The included RCTs examined children 6 months to 12 years of age with vomiting secondary to simple clinically diagnosed gastroenteritis, presenting to an A&E department. Those with systemic sepsis or significant dehydration or those who had recently undergone chemotherapy were excluded. The children were treated with oral ondansetron prior to OFC, with some trials giving multiple doses. The control groups were given an OFC after administration of placebo, or OFC alone. Otherwise treatment was according to standard care for gastroenteritis.
Previous reviews have been conducted by the Cochrane Collaboration and NICE, each with similar findings with a smaller pool of evidence. The authors of the NICE 2009 guidelines felt there was sufficient consistency of results for them to carry out meta-analyses on three of the four included RCTs6 9 10 on the need for intravenous fluids (I2, a measure of the amount of variation due to heterogeneity=0%) and need for admission (I2=21.8%). Ondansetron versus placebo gave RR 0.41 (95% CI 0.28 to 0.59) with NNT (numbers needed to treat) 5 (4–8) for need for intravenous fluids and RR 0.37 (0.17 to 0.82) with NNT 17 (9–70) for need for admission.12 The Cochrane reviewers decided that meta-analysis was inappropriate given significant clinical heterogeneity and the paucity of data.13 Since these systematic reviews, the trial by Yilmaz et al14 has provided additional data in favour of the use of ondansetron. The collective evidence from these trials provides robust evidence supporting the use of oral ondansetron as an add-on to standard therapy for gastroenteritis in children in A&E departments. The benefits include reduced need for intravenous fluids and less admission to hospital, with relatively small numbers needed to treat (although the confidence interval for required admission is broad).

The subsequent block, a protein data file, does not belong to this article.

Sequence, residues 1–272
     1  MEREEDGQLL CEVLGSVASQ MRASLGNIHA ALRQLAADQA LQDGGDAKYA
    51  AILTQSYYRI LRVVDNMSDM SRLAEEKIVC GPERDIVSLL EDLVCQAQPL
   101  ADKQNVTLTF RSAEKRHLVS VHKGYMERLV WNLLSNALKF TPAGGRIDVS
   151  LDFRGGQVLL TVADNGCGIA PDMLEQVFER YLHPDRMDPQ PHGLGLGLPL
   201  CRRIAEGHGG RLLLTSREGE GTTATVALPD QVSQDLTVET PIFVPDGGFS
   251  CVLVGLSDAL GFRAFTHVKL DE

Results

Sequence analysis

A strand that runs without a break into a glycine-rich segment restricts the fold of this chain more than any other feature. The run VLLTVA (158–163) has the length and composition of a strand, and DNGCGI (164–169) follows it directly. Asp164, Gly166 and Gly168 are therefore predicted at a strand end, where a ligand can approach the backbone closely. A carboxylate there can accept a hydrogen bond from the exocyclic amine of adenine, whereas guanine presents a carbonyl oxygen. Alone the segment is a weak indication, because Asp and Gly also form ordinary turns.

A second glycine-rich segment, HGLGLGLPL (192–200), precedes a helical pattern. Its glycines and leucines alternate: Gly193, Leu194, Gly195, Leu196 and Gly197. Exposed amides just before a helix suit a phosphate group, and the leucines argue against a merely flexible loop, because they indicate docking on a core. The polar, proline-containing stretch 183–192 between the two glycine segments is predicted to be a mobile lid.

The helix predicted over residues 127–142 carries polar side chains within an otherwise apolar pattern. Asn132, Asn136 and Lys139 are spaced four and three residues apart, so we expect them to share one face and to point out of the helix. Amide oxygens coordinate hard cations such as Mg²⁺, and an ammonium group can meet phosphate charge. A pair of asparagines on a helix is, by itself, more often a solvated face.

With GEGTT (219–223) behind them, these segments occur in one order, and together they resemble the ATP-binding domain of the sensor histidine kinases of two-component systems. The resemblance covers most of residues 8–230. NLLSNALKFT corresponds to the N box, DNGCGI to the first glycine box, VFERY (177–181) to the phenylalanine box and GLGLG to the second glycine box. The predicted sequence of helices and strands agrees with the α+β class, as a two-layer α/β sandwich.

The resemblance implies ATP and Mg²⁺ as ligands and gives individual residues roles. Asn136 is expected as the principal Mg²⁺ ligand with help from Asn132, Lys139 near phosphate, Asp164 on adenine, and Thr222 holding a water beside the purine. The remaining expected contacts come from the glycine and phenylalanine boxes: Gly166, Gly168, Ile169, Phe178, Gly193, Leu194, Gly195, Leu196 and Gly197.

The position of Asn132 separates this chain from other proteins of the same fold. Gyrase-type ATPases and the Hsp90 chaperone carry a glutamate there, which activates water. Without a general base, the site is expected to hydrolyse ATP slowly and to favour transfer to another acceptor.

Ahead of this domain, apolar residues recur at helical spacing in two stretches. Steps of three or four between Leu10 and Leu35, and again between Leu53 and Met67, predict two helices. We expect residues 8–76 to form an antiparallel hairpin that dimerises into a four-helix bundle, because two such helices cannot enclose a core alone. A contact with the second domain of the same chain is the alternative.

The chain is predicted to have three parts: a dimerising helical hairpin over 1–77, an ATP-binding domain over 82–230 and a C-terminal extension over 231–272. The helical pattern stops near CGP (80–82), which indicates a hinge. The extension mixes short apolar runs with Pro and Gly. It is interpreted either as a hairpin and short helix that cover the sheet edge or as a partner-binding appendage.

The increase in diarrhoea seen with all four trials is certainly noteworthy. Only Ramsook et al10 specified it as a secondary outcome rather than an adverse event, and showed a statistically significant increase in diarrhoea. The other three studies all used orally dissolving ondansetron rather than syrup which may produce less diarrhoea (see table 1). Both the Cochrane review and the NICE guidelines comment that further research is required to assess the frequency and magnitude of this increase and whether it is significant. The NICE guidelines also provide a favourable cost-effectiveness analysis for ondansetron as it can prevent downstream resource utilisation in the form of hospital admission and intravenous medication. Increase in diarrhoea was not included in this analysis as its clinical significance is uncertain.
Clinical bottom line
▶ Oral ondansetron is a well tolerated medication in children presenting with vomiting secondary to gastroenteritis. (Grade A)
▶ Oral ondansetron produces a statistically significant reduction in the need for intravenous fluids, admissions to hospital, and amount of vomiting in these children. (Grade A)
▶ It also cause an increase in diarrhoea (Grade B), but further research is required to determine if this is clinically significant.
Competing interests None.
Provenance and peer review Not commissioned; externally peer reviewed.